Groucho Marx was said to have told the Friar’s Club of Beverly Hills, “Please accept my resignation. I don’t want to belong to any club that will accept me as a member.” Funny stuff from a very clever guy. While the heyday of restrictive brick and mortar private clubs may have passed, their brand of exclusivity has migrated pretty effectively to a new locale—the Internet. A growing chorus of complaints replete with snarky comments and asides about being locked out of groups across the frontier of social media sites are on the rise.
Increasingly the rationale for “exclusivity” is based on whether you paid the requisite freight to attend a conference or participate in a given event. The rejection comes dressed up in diplomatic business speak…”we are only able to extend invitations to participate to members of our audience, past and present speakers and presenters…” Entrepreneurs are leveraging a familiar twist to social media groups—membership fees so you may become part of the “in” crowd and finally the ultra, ultra-exclusive, “inclusion in the XYZ Social Media Group is by invitation only.”
Theorems of social stratification are alive and well even as the value of these groups remains unproven. Sure, we all understand that exclusivity and scarcity for humans are like candlelight to a moth. Humans are inextricably attracted to that which is beyond their reach. Yet even those holding the reins of the most exclusive events in technology, education and design, like the TED conferences or All Things Digital Conference-D7 (hosted by the Wall Street Journal and sold out since last fall) understand the value of openness and sharing. Even as they use a “time-lag” strategy to differentiate participants and the public, the power of engaging an audience that did not or could not attend their events remains a valuable part of their overall marketplace focus.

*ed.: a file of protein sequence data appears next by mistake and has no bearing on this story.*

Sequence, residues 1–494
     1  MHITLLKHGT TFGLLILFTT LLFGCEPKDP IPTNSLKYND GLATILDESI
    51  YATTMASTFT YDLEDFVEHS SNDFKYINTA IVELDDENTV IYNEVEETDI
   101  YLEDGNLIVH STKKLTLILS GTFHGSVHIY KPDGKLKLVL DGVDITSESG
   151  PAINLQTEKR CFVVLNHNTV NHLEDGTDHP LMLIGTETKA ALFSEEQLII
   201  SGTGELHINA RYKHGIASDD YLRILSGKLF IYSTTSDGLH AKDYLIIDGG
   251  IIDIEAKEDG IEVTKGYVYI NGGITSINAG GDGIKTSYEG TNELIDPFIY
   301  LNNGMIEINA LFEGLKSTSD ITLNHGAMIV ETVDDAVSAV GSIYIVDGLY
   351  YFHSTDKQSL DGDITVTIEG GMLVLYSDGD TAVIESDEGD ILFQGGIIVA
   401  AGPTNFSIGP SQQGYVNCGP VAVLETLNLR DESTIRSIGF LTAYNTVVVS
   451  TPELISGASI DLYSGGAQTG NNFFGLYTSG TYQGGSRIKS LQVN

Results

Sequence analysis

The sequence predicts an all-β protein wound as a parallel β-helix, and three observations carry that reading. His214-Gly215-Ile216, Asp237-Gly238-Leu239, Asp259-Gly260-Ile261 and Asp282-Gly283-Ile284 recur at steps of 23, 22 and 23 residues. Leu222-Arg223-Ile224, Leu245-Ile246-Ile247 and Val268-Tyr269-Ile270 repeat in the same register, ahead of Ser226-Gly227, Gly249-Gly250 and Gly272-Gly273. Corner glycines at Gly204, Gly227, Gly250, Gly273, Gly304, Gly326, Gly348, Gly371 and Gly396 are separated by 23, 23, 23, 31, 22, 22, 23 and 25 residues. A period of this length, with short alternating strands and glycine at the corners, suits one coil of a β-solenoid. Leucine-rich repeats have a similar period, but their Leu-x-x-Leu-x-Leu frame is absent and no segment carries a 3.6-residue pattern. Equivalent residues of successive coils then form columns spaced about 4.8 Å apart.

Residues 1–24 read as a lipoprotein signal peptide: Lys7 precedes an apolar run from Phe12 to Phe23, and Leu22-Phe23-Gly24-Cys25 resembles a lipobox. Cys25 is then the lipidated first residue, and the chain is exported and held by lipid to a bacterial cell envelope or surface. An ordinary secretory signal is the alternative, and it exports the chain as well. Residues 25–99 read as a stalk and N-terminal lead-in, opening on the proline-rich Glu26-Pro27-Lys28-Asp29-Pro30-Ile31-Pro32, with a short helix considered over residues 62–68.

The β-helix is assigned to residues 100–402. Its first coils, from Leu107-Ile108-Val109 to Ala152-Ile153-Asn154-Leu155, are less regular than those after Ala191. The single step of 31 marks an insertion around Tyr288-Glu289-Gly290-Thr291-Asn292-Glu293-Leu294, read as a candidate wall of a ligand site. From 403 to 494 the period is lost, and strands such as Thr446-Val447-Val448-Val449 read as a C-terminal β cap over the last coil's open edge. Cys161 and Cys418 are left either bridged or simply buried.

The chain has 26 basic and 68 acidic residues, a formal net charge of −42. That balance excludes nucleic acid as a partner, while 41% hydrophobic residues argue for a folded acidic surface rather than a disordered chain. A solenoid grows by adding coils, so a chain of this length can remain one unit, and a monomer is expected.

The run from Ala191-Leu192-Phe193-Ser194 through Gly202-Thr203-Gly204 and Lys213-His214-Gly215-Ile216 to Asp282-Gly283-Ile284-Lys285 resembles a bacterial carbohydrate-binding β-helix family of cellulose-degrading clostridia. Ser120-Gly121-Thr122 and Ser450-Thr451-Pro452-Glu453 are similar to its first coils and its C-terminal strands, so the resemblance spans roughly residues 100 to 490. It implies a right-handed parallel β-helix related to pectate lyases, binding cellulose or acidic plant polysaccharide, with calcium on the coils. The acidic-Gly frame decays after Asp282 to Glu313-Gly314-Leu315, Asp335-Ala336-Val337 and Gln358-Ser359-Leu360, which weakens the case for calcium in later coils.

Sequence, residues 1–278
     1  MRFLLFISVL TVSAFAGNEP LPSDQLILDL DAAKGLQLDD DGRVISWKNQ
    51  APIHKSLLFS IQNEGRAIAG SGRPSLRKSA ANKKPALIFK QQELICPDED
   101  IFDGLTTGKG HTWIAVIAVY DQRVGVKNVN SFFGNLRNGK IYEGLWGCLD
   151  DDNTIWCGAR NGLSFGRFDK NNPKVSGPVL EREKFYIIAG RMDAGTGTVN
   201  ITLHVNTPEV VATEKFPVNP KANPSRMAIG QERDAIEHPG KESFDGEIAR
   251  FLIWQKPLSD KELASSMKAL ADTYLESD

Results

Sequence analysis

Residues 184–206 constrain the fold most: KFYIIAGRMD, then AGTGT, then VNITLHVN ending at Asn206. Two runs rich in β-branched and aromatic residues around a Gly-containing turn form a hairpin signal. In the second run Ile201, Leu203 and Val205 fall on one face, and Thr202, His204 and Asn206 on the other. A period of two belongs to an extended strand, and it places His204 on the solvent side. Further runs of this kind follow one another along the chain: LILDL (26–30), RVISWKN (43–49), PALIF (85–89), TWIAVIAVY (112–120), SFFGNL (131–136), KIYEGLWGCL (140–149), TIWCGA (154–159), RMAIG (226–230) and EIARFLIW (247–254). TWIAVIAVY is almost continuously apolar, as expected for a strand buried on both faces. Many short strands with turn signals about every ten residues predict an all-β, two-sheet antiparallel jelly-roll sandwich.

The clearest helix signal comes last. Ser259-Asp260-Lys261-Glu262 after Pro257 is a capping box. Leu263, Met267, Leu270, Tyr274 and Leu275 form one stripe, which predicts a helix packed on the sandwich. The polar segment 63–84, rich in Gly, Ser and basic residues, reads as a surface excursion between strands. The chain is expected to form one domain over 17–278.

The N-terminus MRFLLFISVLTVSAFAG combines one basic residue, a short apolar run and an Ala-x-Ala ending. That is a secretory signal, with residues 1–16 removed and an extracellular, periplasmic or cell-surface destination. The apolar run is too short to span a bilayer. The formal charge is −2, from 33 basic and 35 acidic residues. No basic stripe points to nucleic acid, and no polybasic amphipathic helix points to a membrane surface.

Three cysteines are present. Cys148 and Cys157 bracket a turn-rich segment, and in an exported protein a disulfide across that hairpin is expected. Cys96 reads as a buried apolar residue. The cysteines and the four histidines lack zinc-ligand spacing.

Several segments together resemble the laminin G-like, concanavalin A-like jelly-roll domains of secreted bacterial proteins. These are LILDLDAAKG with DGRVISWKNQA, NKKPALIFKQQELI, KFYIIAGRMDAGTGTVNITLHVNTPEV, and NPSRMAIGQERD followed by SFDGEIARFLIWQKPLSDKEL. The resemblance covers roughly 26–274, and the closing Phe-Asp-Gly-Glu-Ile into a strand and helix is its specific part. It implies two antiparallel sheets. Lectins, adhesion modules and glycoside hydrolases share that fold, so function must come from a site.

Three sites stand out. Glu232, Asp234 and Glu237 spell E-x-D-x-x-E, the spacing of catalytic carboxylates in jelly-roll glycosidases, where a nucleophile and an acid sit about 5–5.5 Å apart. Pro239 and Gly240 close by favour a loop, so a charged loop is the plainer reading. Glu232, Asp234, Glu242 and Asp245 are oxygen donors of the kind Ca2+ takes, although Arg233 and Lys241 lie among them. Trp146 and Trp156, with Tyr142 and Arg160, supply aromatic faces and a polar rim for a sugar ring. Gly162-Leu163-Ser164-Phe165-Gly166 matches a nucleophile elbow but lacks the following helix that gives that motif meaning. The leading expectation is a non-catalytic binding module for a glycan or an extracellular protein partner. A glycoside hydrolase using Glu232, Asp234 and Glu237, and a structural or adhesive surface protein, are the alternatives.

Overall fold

Association leaders face the identical “inside/outside” challenge. While the traditional dues-based model of association membership faces ongoing questions and competition, the use of social media tools to attract attention and build awareness will expand the base of possible participants. How do you balance the exclusivity and economic value of membership with the broader branding essentials and power of being the most trusted and vital advisor for a given profession, industry or cause? Are the demands mutually exclusive? The rise of exclusive and restrictive participation in online groups may actually offer associations some pretense of cover in the near term, but being LinkedIn and LockedOut will undoubtedly backfire. The bigger question remains—what will the optimum “membership” model be in an increasingly transparent and open universe?